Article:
(Critical Guide to British Fiction)

Staring at the Sun is divided into three main sections, preceded by a very short preface. Section 1 is concerned with the life of Jean Serjeant from early childhood to her wartime marriage, ending with her appallingly unsuccessful honeymoon and loss of virginity. Section 2 appears to be directly consecutive but in fact skips over the twenty years of Jean’s marriage in a few pages, beginning once more to be detailed when, in quick succession, Jean becomes pregnant late in life, makes up her mind to leave her husband, does so, has her baby, and then concentrates for a while on bringing up her son, Gregory. The most striking scenes of this section, however, are those in which Jean—by this time in late middle age—encounters a radical feminist named Rachel, who tries to enlighten or awaken Jean’s deep-buried political sense and even to convert her to lesbianism. The section closes with the death of Uncle Leslie, whose strange and eccentric behavior has been a topic in the novel from the first few pages. Section 3 then very surprisingly moves on to the year 2020, by which time Jean is almost one hundred years old. In this section, the author, without losing sight of his previous concerns, naturally has to spend much time in imagining the future society of the next century, writing, in fact, a form of science fiction.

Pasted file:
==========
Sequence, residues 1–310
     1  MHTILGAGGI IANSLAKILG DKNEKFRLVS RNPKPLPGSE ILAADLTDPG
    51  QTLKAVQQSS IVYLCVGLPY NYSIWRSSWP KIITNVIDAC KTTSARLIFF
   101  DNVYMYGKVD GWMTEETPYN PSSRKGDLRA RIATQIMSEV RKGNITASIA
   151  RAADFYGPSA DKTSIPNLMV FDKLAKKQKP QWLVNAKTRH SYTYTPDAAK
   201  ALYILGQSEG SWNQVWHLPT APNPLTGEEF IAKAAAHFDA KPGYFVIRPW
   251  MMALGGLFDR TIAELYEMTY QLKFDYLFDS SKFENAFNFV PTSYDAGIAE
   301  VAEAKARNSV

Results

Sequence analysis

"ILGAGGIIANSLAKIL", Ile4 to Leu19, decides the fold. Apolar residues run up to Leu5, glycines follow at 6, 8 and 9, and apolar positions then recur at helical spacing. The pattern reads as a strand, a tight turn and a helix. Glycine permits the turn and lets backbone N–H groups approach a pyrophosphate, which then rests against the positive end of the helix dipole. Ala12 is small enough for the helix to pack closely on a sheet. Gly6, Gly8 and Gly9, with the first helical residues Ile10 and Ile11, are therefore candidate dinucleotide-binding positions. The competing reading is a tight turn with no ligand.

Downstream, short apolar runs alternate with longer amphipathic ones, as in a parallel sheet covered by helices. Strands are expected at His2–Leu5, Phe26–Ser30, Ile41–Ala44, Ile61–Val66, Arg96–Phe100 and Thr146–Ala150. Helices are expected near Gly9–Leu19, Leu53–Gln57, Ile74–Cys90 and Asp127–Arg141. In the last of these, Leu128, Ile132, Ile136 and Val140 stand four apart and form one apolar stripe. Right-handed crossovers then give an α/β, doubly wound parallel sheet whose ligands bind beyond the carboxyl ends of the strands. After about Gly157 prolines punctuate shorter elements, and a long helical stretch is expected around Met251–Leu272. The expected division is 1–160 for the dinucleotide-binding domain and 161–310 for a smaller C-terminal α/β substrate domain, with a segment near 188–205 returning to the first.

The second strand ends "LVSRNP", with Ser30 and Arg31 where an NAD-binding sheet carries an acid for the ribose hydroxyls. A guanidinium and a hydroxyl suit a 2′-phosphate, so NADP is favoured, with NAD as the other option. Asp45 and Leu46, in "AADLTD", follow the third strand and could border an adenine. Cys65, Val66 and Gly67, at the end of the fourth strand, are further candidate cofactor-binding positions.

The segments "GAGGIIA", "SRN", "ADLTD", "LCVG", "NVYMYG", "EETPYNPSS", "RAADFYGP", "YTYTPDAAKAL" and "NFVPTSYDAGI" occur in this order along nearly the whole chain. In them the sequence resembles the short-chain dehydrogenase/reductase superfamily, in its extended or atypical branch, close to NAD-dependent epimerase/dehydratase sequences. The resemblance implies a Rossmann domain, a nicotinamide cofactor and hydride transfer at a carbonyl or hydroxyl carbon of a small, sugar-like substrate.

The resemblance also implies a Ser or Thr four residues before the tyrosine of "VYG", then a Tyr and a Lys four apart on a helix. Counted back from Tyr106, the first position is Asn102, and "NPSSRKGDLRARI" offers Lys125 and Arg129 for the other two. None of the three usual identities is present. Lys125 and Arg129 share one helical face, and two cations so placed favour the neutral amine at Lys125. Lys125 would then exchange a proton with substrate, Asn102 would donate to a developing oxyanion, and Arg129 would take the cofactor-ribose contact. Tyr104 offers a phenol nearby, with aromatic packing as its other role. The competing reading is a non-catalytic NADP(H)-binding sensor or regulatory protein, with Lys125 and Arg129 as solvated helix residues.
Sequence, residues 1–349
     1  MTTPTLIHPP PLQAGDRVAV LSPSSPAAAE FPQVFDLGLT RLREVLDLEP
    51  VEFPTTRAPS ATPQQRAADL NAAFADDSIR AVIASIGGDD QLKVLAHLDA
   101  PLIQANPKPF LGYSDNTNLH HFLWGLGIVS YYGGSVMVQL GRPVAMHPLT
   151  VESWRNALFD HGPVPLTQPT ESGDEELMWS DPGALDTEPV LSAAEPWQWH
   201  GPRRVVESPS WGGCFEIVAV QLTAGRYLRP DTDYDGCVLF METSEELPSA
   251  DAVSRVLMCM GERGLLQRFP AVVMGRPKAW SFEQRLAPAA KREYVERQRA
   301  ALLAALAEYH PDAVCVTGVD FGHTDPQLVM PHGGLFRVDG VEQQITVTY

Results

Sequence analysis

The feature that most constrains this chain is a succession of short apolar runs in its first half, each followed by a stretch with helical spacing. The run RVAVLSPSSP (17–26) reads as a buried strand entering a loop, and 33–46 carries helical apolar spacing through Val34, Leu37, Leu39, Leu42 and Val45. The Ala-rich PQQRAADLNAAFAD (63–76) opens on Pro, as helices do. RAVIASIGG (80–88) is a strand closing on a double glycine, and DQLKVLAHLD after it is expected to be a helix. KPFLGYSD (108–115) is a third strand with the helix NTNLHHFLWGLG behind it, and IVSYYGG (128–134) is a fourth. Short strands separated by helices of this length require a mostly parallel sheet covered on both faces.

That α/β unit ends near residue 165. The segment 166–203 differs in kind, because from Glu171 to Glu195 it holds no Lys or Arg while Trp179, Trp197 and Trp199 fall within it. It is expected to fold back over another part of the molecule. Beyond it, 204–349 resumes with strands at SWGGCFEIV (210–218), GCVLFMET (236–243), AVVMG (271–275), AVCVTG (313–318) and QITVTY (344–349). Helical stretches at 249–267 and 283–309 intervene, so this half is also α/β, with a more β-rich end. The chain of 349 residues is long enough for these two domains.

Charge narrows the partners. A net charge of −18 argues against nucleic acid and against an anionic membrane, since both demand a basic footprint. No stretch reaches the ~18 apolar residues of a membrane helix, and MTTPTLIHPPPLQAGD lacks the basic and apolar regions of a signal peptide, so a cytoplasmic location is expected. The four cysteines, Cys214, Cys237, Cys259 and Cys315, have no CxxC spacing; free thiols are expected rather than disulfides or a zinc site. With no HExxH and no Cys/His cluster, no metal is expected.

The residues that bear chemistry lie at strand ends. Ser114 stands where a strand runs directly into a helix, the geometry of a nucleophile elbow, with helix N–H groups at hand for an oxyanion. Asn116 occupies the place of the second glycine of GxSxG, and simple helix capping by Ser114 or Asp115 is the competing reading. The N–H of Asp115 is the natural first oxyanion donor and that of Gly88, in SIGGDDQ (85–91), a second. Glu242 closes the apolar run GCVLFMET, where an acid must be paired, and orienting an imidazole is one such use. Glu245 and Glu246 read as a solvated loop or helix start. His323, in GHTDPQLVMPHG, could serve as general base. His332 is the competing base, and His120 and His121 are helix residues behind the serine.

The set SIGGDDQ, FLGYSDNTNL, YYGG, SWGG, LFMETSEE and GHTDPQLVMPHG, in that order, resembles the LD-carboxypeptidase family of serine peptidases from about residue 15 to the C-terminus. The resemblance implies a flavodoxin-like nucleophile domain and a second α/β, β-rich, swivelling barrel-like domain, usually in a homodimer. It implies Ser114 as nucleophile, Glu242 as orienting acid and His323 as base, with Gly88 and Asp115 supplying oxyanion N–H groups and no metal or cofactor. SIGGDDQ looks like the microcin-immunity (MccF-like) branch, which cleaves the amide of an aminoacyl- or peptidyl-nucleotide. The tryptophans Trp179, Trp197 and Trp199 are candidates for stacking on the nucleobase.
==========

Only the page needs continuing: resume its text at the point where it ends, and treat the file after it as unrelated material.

It will be seen that this novel takes great liberties with the handling of time. Other works have followed characters almost as long-lived or...

(The entire section is 606 words.)